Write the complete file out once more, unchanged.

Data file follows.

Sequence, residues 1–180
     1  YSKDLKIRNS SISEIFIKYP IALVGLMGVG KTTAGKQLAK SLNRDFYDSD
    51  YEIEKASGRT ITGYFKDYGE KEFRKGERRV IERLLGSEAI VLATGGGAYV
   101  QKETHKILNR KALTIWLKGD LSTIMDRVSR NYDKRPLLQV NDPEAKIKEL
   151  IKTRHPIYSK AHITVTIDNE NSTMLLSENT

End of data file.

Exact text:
Sequence, residues 1–180
     1  YSKDLKIRNS SISEIFIKYP IALVGLMGVG KTTAGKQLAK SLNRDFYDSD
    51  YEIEKASGRT ITGYFKDYGE KEFRKGERRV IERLLGSEAI VLATGGGAYV
   101  QKETHKILNR KALTIWLKGD LSTIMDRVSR NYDKRPLLQV NDPEAKIKEL
   151  IKTRHPIYSK AHITVTIDNE NSTMLLSENT